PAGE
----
Immerse yourself in challenging and rigorous material, independent inquiry, and curiosity as you create a community of research and creative work.

The Honors Program at Otterbein

The Honors Program at Otterbein University is a holistic and cohesive undergraduate experience, beginning with engaging, integrative, and stimulating seminars taught by specially selected faculty from across the university, and culminating in the junior or senior year with an interdisciplinary seminar or independent thesis project. The Honors Program is committed to the shared premise of Integrative Studies, that learning should serve and shape one’s chosen responsibilities in and to the world. Each course in the Honors program participates in a shared Integrated Studies conversation about the theme of Knowledge, Action, and the Public Good. Through our related program theme, “A Community of Scholars,” Honors courses recognize the varied and vexed impacts of knowledge and action, and they examine multiple, competing, and contradictory conceptions of the public good.

Information for Faculty

Resources for faculty teaching in the Honors Program can be found in the General Education Resources LibGuide.

A Community of Scholars

Program Theme

The Honors theme, “A Community of Scholars,” offers Honors students cohesion in coursework through both the thesis or non-thesis tracks of the program. All Honors courses will highlight participation in the Honors Community of Scholars, including curricular and co-curricular activities. Students will be attentive to the diverse methods of research and writing across the disciplines. They will familiarize themselves with the potential of interdisciplinary research and develop a deeper understanding of the values of intellectual freedom and civic responsibility in research and creative work. They will consider what it means to belong to a community of critical inquiry, as well as the role of scholarly inquiry to the public good. Courses will foreground the Honors Community of Scholars via co-curricular activities and informal writing and reflective assignments. We’ll consider these questions together!

What does it mean to be a student in your particular discipline? How does your discipline relate to the larger university culture?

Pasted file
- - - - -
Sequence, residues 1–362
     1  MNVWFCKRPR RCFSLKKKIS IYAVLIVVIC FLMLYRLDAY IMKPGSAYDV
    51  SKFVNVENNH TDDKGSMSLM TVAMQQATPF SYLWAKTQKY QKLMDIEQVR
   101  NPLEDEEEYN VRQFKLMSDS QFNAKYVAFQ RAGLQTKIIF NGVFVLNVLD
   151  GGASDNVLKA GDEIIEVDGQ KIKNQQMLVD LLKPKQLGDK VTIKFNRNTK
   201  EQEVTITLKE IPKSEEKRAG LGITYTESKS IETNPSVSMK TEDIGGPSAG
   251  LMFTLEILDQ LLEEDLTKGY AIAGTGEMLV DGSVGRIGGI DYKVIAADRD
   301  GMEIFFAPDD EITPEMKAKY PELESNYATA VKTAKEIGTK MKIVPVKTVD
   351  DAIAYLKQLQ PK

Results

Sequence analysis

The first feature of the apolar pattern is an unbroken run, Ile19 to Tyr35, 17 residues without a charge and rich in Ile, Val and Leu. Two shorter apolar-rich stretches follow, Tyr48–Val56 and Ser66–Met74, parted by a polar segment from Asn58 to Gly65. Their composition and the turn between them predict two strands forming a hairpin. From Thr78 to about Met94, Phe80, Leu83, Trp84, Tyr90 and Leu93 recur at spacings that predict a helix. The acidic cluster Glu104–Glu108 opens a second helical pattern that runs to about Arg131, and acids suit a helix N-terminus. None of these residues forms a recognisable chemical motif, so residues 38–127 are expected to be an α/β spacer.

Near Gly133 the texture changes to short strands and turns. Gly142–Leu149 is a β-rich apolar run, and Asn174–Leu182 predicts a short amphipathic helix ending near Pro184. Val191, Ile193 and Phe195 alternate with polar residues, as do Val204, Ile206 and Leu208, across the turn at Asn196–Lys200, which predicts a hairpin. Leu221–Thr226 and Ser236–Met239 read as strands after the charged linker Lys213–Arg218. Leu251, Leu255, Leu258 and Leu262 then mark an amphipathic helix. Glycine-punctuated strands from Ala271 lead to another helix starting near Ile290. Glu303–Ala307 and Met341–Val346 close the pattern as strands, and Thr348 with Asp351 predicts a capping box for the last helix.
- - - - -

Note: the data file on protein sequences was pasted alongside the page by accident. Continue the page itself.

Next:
How does your work in your field relate to, intersect with, and/or challenge the work of other disciplines?

Does your major or field of study intersect with other majors or disciplines? Which majors commonly interact with yours? With which fields have you had less exposure?

What specific questions, methods, and research strategies are unique or particular to your field? What makes your field crucial to the university and  the world outside the academy?

How can you be a responsive and responsible member of a community of inquiry? How is knowledge production itself a public good? 

 

What are the research or creative aims and responsibilities of your field, and how do those aims respond to and benefit the broader community? 

 

Eligibility & Requirements

Honors Admission

Honors Admissions & Eligibility

  • ACT scores (of 27 and above) and in the top 10% of their graduating high school class or 3.8 GPA (for schools that do not rank).
  • SAT scores (1220 and above) and in the top 10% of their graduating high school class or 3.8 GPA (for schools that do not rank).
  • Current students interested in joining the Honors program may apply by the end of their first year with a faculty letter of recommendation.
  • Current students should contact the Honors program director (Karen Steigman) for more information. Students must have a 3.5 GPA to maintain good standing in the program.

Honors Program Requirements

The Honors program parallels the Integrative Studies curriculum. Students may complete the Honors program by choosing the thesis or non-thesis track option. Students may receive HNRS 2800 credit for a study-abroad experience or course. Contact Honors program director for permission.

Honors without thesis
HNRS 1500 3 hrs *Transfer credit for INST 1500 counts for HNRS 1500.
FYS-HNRS 3 hrs
HNRS 2000, 2200, 2400, 2600, 2800 12 hrs *One 2xxx may be INST.
HNRS 3000 3 hrs *Prereqs: 4 HNRS 2xxx or 3 HNRS 2xxx and 1 INST 2xxx.
Honors with thesis project
HNRS 1500 3 hrs *Transfer credit for INST 1500 counts for HNRS 1500.
FYS-HNRS 3 hrs
HNRS 2000, 2200, 2400, 2600, 2800 12 hrs *One 2xxx may be INST.
HNRS 3500 3 hrs *Prereqs: 2 HNRS 2xxx.
HNRS 4000 3 hrs *The Honors thesis is a two-year project: work begins in HNRS 3500 and is ongoing, under advisor supervision, through HNRS 4000 in spring of the senior year.
*Students completing HNRS 4000 receive SYE credit.

Course Goals

Teaching & Learning

The Honors Program is committed to practices of intellectual inquiry. Honors courses will: 

  • Immerse students in challenging and rigorous material. 
  • Engage discussion and sharpen presentation and participation skills. 
  • Create a culture of research and foster community within the Honors Program. 
  • Demand a sustained and attentive intellectual pace.
  • Inspire practices of independent inquiry and curiosity.